The wetlands, peat bogs, and forests of Polesia, as well as the mountainous, rocky regions of Carpathia, are home to some of Ukraine’s most beloved and cherished creatures. Lynx, wolves, bears, deer, bats, otters, and many other beloved animals have lasted countless generations within its alpine meadows, winding rivers, and endless steppes. Now, with the war in Ukraine, everything they’ve ever known is at stake. What are the environmental implications of the conflict and what can be done to mitigate its impact on the country’s ecosystems?

On February 24, 2022, Putin ordered Russian troops into Ukraine, giving them free rein to cause as much carnage and destruction as possible. Nearly 200,000 troops, 4800 armoured vehicles, and as many as 2,700 tanks were observed entering the country that day. 

The mayhem that has transpired to this date can only be described as horrific. Entire cities have been reduced to rubble under relentless shelling and bombing; Ukrainian citizens have been murdered indiscriminately on the streets by Russian forces; and Ukrainian prisoners of war, soldiers as young as 18, have been abused and tortured in unspeakable ways.

During dire times such as these, the objectives of war often take precedence over the environment. However, we cannot completely ignore the environmental implications that violent and prolonged conflicts like the one in Ukraine have. Along the southern coast of the war-torn country, in a once-protected locale known as the Black Sea Biosphere, the environmental cost of the war is assumed to be staggering, and perhaps at its worst. Many endangered species that live in this area, including the Russian desman (Desmana Moschata), the sandy blind mole-rat (Spalex Arenarius), and a Ukrainian species of snail (Vitrea Nadejdae), as well as varying species of rare plants and insects, are all under extreme threat now that Russian forces are conducting military operations in their vicinity, and may very well be driven to extinction, should the war persist.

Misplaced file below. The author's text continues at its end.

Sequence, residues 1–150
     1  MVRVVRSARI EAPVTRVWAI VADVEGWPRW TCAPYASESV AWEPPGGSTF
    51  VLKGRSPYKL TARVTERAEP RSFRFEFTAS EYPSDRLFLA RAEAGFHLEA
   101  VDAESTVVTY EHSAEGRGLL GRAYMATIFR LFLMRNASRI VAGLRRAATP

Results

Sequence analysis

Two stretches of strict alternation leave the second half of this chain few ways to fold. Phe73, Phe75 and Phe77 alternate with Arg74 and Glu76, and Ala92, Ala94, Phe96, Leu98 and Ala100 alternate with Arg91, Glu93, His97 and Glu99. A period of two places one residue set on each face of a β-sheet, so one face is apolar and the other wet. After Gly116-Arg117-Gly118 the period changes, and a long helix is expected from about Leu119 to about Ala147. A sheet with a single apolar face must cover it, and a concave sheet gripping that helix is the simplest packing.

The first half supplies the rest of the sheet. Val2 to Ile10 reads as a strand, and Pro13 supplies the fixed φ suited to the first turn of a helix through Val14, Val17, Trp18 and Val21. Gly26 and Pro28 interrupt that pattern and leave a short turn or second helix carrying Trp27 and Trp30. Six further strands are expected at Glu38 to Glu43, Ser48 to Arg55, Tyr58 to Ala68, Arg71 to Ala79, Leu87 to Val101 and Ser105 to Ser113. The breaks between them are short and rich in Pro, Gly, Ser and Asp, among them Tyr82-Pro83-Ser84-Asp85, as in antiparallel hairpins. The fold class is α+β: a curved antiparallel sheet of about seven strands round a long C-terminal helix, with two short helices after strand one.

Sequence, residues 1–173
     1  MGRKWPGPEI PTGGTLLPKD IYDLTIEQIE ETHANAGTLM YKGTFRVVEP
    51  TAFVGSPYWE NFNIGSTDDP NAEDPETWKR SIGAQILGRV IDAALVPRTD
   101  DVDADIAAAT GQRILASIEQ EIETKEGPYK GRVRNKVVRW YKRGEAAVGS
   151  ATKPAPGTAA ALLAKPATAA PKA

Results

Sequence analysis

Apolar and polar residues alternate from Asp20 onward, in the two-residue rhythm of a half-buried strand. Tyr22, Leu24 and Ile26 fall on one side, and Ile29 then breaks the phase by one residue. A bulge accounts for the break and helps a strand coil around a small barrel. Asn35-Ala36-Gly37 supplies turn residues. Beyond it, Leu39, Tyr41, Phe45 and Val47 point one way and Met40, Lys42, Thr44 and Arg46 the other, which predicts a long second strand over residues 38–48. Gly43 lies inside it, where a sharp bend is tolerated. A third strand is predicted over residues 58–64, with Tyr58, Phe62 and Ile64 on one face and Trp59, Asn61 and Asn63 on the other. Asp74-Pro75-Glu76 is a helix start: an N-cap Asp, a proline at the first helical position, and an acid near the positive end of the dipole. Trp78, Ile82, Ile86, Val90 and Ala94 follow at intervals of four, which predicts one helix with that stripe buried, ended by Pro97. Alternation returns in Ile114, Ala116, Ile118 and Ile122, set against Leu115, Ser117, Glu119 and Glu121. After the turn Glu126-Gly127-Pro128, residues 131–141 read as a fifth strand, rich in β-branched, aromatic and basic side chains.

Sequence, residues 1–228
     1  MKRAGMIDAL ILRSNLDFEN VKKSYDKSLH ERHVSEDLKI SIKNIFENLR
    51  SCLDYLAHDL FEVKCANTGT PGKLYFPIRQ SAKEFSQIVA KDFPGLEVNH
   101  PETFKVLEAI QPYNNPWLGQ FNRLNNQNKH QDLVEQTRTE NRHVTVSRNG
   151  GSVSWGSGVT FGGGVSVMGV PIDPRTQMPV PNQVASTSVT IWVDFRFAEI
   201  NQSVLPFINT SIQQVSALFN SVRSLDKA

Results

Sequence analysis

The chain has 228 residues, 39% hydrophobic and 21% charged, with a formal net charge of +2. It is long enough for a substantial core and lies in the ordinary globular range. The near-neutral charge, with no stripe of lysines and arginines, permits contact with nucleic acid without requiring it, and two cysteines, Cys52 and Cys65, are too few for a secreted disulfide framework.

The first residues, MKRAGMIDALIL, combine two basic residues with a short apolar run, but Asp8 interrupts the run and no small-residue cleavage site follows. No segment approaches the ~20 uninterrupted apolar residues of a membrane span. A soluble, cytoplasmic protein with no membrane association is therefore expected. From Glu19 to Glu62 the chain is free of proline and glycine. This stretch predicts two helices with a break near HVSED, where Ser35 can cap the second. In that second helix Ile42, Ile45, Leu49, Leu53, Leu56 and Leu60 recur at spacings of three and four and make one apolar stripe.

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Over 120,000 birds, including seagulls, swallows, snipe, ducks and grouse nest along the beaches and wetlands of this coastal region, and over 250,000 common, mereswine, and bottlenose dolphins swim along the shorelines of the Black Sea Biosphere. Unfortunately, those  very same shorelines are now being patrolled by attack boats, the beaches are covered in landmines, and due to the presence of the Russian military, all conservation efforts in the area have effectively ended.

The same can be said of many other protected locations across the country. In an article by The New York Times, Oleksandr Krasnolutskyi, deputy minister of Environmental Protection and Natural Resources in Ukraine, stated that Russian troops have already conducted military operations in over a third of Ukraine’s protected natural areas. 

In a separate interview with The Guardian, Krasnolutskyi also said that almost 400,000 hectares and 14 Ramsar sites along the coastline and lower reaches of the Dnipro river are currently under huge threat.

Almost 31 years ago, on December 1, 1991, Ukraine joined the Ramsar Convention on Wetlands of International Importance (RCWII), delegating approximately 803,000 hectares as official Ramsar sites. 

Ramsar sites – aptly named after the city of Ramsar in Iran, where the treaty originated – are designated as protected, ecologically important wetlands, in accordance with the framework set forth by the RCWII. Since 1975, four years after its original inception in Iran, the Convention has garnered support from 90% of United Nations member states, including Russia.